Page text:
US calls new W. Bank settlement plans 'deeply troubling'

Defense Ministry announces approval for building 277 homes in Ariel; PA: New construction is Israeli attempt to destroy peace process.

Ariel 521 (photo credit: Joanna Paraszczuk)
Ariel 521
(photo credit: Joanna Paraszczuk)
The United States and the Palestinians on Monday accused Israel of harming attempts to revive the peace process by approving the construction of 277 homes in the West Bank settlement of Ariel.
“We have seen reports of this approval for apartments in the West Bank. We consider it deeply troubling,” US State Department spokeswoman Victoria Nuland told reporters.
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“These kinds of actions are counterproductive to the resumption of direct negotiations.
We have raised this issue with the Israeli government.
We will continue to make our position known,” she said.
Nabil Abu Rudainah, a spokesman for Palestinian Authority President Mahmoud Abbas, said the approvals were “an Israeli attempt to obstruct and destroy what is left of any effort to revive the peace process.”
It was an act, he said, that justified Palestinian plans to seek statehood unilaterally at the United Nations rather than through a negotiated agreement with Israel.
“Once again, these Israeli settlement measures represent a strong reason calling on us to go to the United Nations and the Security Council to request membership for the state of Palestine and to halt these Israeli measures,” Rudainah told Reuters.
He spoke to the media hours after the Defense Ministry put out a simple statement notifying the media that it had approved the marketing of 277 homes in the Neuman neighborhood of Ariel.
Some 100 of those homes are designated for evacuees from the former Gaza settlement of Netzarim.
The move follows the publication in July of tenders for 336 homes in West Bank settlements, including 294 housing units in Betar Illit and 42 in Karnei Shomron.
These are some of the the largest approvals to be granted in settlements since the 10-month moratorium on Jewish housing starts in Judea and Samaria expired in September 2010.
According to Ariel Mayor Ron Nachman it’s the largest single project to be approved in his city for a decade.
“It is the first time in 10 years that we received such a permit,” he told The Jerusalem Post.
He said that the approvals allowed for the completion of an existing neighborhood where building had been halted due to US pressure.
With a population of 17,559 according to the Central Bureau of Statistics’ 2009 census, Ariel is the fourth-largest Jewish community in Judea and Samaria.
But unlike the three largest settlements – Modi’in Illit, Betar Illit and Ma’aleh Adumim – it has grown slowly over the past 15 years.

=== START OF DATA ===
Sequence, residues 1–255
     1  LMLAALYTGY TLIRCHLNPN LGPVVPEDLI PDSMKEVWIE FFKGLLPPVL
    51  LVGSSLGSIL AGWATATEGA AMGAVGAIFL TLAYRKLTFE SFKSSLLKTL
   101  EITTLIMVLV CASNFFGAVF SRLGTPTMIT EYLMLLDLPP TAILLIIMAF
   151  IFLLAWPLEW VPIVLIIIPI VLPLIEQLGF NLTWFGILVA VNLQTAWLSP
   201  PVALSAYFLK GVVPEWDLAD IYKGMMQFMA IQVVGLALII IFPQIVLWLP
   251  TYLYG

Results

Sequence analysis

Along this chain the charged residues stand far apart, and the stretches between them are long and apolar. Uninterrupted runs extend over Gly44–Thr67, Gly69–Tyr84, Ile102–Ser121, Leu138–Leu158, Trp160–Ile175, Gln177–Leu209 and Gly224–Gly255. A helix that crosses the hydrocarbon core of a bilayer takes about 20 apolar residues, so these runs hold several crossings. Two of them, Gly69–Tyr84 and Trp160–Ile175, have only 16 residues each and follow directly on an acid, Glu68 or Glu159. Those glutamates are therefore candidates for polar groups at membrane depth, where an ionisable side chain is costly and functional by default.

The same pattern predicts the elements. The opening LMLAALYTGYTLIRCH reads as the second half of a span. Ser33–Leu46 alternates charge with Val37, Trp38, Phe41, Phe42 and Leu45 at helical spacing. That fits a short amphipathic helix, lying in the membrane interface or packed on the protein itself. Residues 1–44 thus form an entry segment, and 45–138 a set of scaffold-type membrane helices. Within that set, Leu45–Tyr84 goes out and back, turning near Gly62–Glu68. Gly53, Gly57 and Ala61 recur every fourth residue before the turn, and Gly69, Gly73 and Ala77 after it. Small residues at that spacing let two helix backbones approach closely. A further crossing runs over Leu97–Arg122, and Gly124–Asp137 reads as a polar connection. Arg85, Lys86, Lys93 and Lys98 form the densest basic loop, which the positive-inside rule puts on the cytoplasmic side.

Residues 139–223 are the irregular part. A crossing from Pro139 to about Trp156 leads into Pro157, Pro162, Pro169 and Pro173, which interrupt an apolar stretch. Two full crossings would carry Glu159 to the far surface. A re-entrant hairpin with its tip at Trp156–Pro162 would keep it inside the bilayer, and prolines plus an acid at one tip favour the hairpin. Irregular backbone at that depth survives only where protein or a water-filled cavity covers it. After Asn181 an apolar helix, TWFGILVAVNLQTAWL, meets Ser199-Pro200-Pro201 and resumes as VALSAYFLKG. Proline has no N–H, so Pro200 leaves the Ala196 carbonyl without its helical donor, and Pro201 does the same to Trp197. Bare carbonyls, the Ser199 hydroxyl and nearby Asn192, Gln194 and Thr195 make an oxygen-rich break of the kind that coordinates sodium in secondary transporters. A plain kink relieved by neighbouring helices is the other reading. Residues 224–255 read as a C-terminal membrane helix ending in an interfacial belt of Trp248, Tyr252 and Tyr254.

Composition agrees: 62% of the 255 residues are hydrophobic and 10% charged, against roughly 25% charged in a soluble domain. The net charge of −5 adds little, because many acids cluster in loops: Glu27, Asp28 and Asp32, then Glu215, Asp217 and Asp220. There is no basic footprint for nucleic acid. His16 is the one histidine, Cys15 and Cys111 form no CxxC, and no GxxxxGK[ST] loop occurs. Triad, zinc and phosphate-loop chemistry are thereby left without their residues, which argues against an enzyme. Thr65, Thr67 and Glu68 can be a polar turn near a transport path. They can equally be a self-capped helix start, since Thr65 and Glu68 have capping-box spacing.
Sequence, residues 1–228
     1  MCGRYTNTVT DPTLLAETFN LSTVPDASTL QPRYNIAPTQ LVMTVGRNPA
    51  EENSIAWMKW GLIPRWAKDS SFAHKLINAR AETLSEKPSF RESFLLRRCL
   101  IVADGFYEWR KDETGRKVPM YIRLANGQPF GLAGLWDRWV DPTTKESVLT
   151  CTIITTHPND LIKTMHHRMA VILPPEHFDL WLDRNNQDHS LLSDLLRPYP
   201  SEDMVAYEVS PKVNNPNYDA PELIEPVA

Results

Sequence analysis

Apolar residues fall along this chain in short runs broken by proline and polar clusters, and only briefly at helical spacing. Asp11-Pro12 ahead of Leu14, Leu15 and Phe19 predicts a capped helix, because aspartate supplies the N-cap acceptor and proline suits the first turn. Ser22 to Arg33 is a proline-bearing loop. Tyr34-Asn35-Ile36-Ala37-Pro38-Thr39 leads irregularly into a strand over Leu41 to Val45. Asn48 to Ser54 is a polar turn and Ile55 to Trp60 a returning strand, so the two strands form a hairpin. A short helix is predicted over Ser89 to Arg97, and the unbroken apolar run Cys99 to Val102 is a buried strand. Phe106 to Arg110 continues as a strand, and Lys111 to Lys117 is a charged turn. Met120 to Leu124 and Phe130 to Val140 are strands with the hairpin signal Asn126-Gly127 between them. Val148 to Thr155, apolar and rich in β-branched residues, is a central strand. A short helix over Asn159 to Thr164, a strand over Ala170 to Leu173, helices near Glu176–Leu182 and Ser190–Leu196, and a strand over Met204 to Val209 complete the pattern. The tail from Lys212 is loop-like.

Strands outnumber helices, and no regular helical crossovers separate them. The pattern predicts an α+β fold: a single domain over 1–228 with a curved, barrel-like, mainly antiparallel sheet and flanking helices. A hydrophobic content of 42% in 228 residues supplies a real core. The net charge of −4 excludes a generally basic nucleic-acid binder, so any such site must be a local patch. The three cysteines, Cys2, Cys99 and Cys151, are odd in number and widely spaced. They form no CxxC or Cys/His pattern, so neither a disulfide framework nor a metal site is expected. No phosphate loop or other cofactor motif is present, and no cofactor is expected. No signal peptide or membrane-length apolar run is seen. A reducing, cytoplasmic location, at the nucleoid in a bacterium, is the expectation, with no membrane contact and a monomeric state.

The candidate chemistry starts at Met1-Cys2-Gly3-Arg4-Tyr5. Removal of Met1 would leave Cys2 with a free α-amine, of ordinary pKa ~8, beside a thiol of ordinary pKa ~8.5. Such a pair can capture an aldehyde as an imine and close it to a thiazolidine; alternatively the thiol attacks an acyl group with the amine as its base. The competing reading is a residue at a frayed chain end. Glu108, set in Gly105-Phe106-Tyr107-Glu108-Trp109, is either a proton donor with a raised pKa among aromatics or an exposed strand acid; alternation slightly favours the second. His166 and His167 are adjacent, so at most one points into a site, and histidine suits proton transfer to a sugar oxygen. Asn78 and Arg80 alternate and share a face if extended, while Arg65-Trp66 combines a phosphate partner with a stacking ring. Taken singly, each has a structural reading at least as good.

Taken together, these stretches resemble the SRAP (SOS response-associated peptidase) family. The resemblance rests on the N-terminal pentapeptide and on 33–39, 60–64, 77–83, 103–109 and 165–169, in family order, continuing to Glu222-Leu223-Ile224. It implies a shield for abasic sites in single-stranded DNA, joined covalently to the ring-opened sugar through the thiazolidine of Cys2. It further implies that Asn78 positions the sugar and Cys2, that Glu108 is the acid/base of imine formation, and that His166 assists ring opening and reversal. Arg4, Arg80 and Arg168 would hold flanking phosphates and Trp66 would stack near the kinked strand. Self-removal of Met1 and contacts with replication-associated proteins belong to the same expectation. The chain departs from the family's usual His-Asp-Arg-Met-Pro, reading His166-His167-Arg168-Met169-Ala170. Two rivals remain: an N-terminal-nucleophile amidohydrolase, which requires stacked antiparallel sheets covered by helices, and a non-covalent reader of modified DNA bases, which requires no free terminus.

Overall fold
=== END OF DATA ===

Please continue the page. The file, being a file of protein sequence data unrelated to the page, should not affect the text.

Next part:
This is because the government approved only a fraction of the housing that it granted those three larger settlements.
As a result, Ariel population growth has been stagnant. The Jewish population in the West Bank grew by 5.3 percent from 2008 to 2009, according to the CBS. But in Ariel, there was no population growth at all.
“This is cruelty, not to allow us to grow,” Nachman said.
Although Ariel is considered a settlement bloc, its future status is considered less secure because it is located 16.1 km. away from the Green Line.
Its geography could make it hard for Israel to retain it in any final-status agreement with the Palestinians.
The housing approvals come in the midst of a large protest movement demanding affordable housing throughout Israel.
Nachman said that had the government approved new housing in his city over the past decade, it would have alleviated some of the housing shortages in the center of the country.
He noted that his settlement in central Samaria is only a 40 km. drive from Tel Aviv.
The Ariel approvals also come one week after the Interior Ministry approved the construction of 1,600 housing units in the northeast Jerusalem neighborhood of Ramat Shlomo. The UN, the EU and the US condemned the east Jerusalem construction.
A statement to the media released by the press office of PA Prime Minister Salam Fayyad said, “The Israeli decision today to approve more settlement building makes clear to the world Israel’s contempt for a negotiated twostate solution.”
“Perhaps those who question our move to the UN [in September] will now see why it is necessary to ask for the international community’s support against unilateral Israel decisions which preempt the outcome of any bilateral negotiation.”
Peace Now condemned the move, saying that the government had “added oil to the September bonfire.”
“Instead of finding housing solutions within Israel, [Defense Minister Ehud] Barak has caved in to the demands of settlers at the expense of Israel’s international interests,” Peace Now said.
Reuters contributed to this report.